The 2022 season was expected to be bad. But not this bad.
The Nationals entered Tuesday tied for the most losses in the major leagues. The club’s porous starting rotation, miscue-riddled defense and hot-and-cold offense have all made the first quarter of the season a forgettable one.
But none of those facts are the most concerning development to come out about the rebuilding club through the first seven weeks.
That, of course, is the news from April that the Lerner family is exploring a sale of the franchise. It got even more uncertain last week with the report that general manager Mike Rizzo and manager Dave Martinez are both in the final guaranteed year of their respective contracts.
It’s tough to imagine with a 14-29 record before Tuesday night’s game against the Dodgers, but the worst of the Nationals’ rebuild could still be yet to come.
“The one thing I can tell you about these guys is that they don’t quit,” Martinez said. “They’re playing hard. Sometimes I feel like they’re playing too hard. We need to relax a little bit and not chase the game, let the game come to them.”
Once Rizzo shipped away Max Scherzer, Trea Turner and six other veterans at last season’s trade deadline, it was clear that the Nationals were embarking on what Rizzo calls a “reboot.” But the potential of the Lerner family selling the team isn’t just a big question mark for the long-term future of the franchise. It also has massive implications for how long this rebuild could take.
Another factor that complicates the Nationals’ future is who will be running the show, as The Washington Post reported that Rizzo and Martinez are not guaranteed to return next season.
USA Today reported that Washington is expected to exercise Rizzo’s club option for 2023, extending the executive who has been with the franchise since 2006 and in charge of baseball operations since 2009. Martinez has a 2023 option worth $4 million, according to USA Today, and the team has until the All-Star Break to decide whether to pick it up.
And as if all these question marks weren’t enough, there have also been rumors about Juan Soto’s long-term future in the District.
ESPN’s Buster Olney reported last week that rival executives said the Nationals may seek to trade the once-in-a-generation superstar this summer. Soto, who won’t hit free agency until after the 2024 season and is represented by agent Scott Boras, reportedly turned down a 13-year, $350 million offer from the Nationals this past offseason.
However, Olney’s suggestion generated multiple other reports pushing back against a possible Soto trade, considering how difficult it would be for Washington to give away the 2021 NL MVP runner-up and get proper value for a player who is still just 23 years old. It would also be a stark contrast to the way Rizzo spoke about Soto before the season, calling him the “face of the franchise” after Ryan Zimmerman’s retirement.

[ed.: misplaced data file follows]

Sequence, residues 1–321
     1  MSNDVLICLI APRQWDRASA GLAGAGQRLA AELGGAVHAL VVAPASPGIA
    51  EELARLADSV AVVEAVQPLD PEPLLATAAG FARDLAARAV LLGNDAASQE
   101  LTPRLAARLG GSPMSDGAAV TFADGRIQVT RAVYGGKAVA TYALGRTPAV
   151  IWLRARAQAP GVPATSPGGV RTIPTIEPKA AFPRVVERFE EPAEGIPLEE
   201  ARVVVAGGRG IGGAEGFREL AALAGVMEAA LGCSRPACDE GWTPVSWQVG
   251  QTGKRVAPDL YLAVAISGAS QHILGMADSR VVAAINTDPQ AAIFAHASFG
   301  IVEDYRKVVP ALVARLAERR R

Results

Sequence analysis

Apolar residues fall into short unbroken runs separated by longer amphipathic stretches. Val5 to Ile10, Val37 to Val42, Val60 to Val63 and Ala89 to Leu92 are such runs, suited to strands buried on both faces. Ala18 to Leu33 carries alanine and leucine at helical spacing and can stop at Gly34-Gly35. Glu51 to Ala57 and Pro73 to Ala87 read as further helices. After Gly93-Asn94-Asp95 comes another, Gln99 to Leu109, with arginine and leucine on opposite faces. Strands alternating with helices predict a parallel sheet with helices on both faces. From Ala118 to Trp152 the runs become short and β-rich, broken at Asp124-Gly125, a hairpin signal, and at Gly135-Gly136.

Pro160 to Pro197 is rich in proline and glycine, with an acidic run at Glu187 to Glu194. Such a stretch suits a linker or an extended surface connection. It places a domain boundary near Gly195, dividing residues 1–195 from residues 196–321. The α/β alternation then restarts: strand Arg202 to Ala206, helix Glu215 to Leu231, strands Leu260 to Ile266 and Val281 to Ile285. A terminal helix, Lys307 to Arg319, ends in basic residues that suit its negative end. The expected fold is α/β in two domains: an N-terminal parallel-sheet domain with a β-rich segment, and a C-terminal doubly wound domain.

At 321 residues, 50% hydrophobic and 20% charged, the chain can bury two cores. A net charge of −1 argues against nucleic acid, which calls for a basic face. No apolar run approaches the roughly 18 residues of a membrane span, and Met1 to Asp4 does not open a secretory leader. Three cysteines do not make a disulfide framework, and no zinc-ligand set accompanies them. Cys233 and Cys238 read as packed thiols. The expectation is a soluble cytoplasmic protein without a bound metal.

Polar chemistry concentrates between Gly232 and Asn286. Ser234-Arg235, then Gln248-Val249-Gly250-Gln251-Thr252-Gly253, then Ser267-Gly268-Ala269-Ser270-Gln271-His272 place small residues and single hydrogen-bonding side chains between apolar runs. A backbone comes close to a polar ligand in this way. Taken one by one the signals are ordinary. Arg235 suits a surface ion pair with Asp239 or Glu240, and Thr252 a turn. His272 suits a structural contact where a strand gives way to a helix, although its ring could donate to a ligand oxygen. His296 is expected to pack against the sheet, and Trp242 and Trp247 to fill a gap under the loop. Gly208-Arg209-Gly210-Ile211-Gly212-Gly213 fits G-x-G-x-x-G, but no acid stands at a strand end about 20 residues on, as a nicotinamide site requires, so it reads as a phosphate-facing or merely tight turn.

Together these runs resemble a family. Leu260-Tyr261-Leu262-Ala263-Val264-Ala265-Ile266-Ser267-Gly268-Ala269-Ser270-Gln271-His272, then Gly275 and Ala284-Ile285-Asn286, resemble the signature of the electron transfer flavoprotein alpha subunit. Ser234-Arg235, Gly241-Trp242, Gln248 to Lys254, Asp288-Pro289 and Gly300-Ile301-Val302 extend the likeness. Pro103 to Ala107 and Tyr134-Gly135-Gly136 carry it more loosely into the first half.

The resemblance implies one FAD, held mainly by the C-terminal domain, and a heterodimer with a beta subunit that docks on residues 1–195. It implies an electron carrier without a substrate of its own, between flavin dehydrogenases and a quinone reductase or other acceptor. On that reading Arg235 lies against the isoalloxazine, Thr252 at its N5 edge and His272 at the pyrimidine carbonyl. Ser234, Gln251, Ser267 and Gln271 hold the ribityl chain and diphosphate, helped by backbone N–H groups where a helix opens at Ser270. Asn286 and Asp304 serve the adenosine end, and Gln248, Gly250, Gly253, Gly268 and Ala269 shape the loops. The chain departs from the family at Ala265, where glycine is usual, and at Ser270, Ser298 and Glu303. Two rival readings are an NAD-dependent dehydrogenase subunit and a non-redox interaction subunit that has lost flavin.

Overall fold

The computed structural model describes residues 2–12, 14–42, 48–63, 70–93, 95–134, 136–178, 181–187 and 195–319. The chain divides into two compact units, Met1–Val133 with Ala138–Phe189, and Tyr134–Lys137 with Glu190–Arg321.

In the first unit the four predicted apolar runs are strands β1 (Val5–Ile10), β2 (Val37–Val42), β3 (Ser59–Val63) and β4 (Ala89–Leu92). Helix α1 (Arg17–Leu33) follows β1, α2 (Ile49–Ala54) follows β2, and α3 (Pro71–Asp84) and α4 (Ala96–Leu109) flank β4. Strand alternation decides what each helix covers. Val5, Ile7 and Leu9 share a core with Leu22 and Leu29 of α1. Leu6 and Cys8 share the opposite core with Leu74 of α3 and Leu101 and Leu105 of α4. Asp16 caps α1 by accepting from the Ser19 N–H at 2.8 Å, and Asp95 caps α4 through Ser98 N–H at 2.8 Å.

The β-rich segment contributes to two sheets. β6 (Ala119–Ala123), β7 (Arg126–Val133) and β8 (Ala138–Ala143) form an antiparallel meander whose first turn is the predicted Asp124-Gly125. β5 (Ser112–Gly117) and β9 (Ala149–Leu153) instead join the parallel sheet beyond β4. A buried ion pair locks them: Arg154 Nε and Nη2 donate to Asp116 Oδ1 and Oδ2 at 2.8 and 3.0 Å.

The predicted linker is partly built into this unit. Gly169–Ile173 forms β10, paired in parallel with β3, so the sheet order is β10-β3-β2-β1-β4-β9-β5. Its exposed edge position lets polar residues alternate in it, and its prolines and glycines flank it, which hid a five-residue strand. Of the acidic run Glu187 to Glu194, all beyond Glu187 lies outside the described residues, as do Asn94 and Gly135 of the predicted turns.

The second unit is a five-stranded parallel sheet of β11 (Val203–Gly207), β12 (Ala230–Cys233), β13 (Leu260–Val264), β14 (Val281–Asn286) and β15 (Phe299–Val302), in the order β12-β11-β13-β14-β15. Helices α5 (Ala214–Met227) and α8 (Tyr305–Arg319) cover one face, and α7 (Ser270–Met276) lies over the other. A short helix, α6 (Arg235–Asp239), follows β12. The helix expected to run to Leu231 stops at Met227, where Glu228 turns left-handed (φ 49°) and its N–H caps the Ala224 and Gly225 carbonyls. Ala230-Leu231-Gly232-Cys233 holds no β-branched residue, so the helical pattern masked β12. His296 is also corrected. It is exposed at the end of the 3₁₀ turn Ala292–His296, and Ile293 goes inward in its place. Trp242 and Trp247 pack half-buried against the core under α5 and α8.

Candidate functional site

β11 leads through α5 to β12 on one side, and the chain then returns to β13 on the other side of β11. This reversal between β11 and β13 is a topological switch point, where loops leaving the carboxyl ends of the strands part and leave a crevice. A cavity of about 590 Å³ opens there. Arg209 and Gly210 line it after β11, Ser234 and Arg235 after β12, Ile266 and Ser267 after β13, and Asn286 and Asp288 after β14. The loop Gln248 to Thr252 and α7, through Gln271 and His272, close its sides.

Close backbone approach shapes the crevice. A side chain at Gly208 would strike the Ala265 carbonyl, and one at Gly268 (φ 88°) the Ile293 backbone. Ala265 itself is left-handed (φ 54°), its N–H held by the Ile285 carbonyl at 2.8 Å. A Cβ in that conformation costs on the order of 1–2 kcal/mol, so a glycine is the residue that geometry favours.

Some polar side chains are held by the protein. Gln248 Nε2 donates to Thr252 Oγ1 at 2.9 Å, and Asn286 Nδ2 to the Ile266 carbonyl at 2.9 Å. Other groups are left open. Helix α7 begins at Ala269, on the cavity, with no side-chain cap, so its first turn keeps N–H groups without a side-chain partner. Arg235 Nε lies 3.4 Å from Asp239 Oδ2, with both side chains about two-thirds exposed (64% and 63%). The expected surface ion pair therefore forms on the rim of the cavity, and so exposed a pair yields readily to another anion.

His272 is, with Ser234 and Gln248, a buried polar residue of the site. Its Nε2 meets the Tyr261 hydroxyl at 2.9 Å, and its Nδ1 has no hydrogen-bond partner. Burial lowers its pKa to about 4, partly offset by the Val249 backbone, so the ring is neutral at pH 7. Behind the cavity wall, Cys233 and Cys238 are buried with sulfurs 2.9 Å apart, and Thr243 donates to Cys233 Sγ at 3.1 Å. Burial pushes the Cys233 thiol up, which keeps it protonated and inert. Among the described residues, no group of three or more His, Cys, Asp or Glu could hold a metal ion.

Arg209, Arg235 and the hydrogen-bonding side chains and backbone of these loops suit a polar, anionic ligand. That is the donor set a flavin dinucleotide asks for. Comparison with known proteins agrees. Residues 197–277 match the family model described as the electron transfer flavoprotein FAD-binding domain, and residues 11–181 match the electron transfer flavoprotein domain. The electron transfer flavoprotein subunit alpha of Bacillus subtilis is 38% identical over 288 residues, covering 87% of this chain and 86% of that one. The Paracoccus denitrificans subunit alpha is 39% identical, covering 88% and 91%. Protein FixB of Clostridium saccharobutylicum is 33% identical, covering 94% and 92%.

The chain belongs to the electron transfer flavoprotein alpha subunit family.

“This is his team,” Rizzo said in March. “He’s the face of the franchise. I want him here for the long term.”
Between the lines, the 2022 season thus far has also resembled that of a rebuilding team — maybe closer to a tanking one, actually. Monday’s 10-1 drubbing at the hands of the Dodgers was the latest example — the Nationals’ 16th time losing by four or more runs.
The poor play and blowout losses have even been difficult to stomach at times. The Nationals are tied for the second-most errors in the big leagues, including multiple blooper-reel-worthy defensive sequences as well as a baserunning blunder. Martinez said earlier this month that some of the errors were “lazy mistakes.”
However, amid the dark first quarter of the season, there have been signs of light.
While the rotation has been dreadful, Josiah Gray, who the Nationals received in the Scherzer-Turner trade with the Dodgers, and Erick Fedde, in his sixth season with the club, have both been solid on the bump. Gray leads the team with four wins and 46 strikeouts, while Fedde’s 4.08 ERA is tops in the rotation.
First baseman Josh Bell is off to one of the best starts in his career with a .383 on-base percentage. Left fielder Yadiel Hernandez has become an everyday player thanks to a team-best .466 slugging percentage. And third baseman Maikel Franco, a minor-league free agent signing in the offseason, has surprised as an offensive jolt with a team-high 10 doubles along with 21 RBIs.
But arguably the most welcome development this month has been catcher Keibert Ruiz, who also came to Washington in the trade with the Dodgers last summer. With a solid glove and an improving bat, Ruiz’s .718 on-base plus slugging is 13% better than league average, leading Martinez to move the 23-year-old up to the No. 2 hole in the lineup on Sunday and Monday.
“He‘s starting to stay on top of the baseball. He’s hitting the ball all over the field, which is great,” Martinez said last week. “But he‘s catching, his game-calling, his blocking — everything’s gotten so much better.”